Prisoners of war are prisoners not because they have committed a crime, but because they have been captured during a time of conflict. You don’t need evidence or warrants. No lawyer is involved at any time. You are simply held until such time as a surrender or peace treaty is signed. Then you are released.

It is true, as a POW, you are supposed to be handled with kid gloves during any interrogations. And given food and shelter commensurate with what the captor’s troops of equivalent rank receive. And yeah, I know about the monthly stipend in Swiss franks they are supposed to get for commissary privileges. And the athletic opportunities, and the “scientific instruments”. Yeah, all of that. It grates to think that some terrorist is entitled to all of that.

But what happens if we had sucked it up and said that we were going to treat these people as POWs with all of those protections?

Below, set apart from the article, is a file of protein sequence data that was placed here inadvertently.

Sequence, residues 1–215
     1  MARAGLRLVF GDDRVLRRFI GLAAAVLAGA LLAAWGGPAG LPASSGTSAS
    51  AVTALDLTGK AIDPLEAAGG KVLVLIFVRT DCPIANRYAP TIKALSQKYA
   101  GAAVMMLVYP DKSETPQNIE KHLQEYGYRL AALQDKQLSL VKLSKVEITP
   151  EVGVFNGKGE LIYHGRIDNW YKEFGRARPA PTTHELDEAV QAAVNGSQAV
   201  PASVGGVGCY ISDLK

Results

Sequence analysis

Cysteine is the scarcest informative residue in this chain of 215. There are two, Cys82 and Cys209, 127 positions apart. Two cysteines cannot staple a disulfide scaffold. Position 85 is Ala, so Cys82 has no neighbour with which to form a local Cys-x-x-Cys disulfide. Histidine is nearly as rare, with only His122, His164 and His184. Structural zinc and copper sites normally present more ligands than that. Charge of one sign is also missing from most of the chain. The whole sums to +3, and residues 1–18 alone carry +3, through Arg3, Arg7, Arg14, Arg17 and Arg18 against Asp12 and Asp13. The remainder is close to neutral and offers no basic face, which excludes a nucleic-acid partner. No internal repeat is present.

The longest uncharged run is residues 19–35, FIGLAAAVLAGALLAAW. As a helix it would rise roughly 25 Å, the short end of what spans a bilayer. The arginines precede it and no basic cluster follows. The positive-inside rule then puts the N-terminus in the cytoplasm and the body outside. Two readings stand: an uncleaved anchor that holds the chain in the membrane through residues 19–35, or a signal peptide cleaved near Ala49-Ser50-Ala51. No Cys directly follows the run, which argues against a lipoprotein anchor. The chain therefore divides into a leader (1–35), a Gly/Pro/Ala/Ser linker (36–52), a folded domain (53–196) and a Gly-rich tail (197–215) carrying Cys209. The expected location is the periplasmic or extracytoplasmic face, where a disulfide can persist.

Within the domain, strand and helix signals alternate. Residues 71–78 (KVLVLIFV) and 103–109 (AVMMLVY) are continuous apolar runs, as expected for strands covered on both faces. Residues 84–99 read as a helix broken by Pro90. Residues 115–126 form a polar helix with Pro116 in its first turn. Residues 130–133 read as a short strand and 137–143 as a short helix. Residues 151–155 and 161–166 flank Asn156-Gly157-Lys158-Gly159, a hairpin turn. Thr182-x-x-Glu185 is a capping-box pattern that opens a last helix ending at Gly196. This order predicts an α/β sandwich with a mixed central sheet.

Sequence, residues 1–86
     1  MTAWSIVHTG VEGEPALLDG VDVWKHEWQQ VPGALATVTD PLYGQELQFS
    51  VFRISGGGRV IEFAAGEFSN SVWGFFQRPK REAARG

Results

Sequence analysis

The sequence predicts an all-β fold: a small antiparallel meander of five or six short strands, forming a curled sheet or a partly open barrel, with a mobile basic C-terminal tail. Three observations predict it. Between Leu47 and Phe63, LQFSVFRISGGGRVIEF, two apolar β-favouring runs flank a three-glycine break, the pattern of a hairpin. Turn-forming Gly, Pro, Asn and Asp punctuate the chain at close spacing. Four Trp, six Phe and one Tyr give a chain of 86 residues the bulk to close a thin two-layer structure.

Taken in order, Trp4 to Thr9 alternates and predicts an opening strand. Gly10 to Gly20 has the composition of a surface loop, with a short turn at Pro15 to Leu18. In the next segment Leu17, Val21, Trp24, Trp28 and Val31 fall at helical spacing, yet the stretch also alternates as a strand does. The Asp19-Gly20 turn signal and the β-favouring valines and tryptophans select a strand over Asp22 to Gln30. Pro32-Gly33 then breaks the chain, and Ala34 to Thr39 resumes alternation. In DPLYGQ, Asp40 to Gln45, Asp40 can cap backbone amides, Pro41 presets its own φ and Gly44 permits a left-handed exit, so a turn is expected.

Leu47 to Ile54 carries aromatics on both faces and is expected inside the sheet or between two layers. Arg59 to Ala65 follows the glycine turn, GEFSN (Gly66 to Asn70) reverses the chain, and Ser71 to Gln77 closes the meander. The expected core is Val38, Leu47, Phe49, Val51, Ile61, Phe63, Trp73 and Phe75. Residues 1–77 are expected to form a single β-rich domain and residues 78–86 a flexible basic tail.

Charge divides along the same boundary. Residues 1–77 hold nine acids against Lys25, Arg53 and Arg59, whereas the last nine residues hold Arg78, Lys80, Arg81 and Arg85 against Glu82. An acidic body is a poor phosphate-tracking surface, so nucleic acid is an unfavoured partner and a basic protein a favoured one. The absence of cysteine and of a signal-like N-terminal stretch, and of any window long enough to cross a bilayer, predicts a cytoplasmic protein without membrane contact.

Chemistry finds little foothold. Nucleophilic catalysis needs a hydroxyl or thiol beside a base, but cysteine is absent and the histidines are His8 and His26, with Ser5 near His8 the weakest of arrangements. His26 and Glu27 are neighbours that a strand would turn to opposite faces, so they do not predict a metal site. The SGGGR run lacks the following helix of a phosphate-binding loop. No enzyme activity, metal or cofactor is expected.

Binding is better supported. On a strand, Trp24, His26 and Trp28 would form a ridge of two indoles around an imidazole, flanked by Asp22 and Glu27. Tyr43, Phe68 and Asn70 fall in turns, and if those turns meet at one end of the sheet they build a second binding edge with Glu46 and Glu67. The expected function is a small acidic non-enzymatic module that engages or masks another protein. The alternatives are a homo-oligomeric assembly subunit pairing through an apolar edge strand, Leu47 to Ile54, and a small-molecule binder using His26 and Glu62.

First, we eliminate 95% of all of the ACLU style abuse. All of the “torture, torture, torture” bleating is taken away. All of this horrible fighting and debate about how to try them, what is there status, the Gitmo is a “legal black hole”, simply goes away. But so does all the pressure to “Charge these men or release them.” No. They are simply prisoners of war, and until such time as al Qaeda signs a peace treaty with us, we simply hold them. As POWs.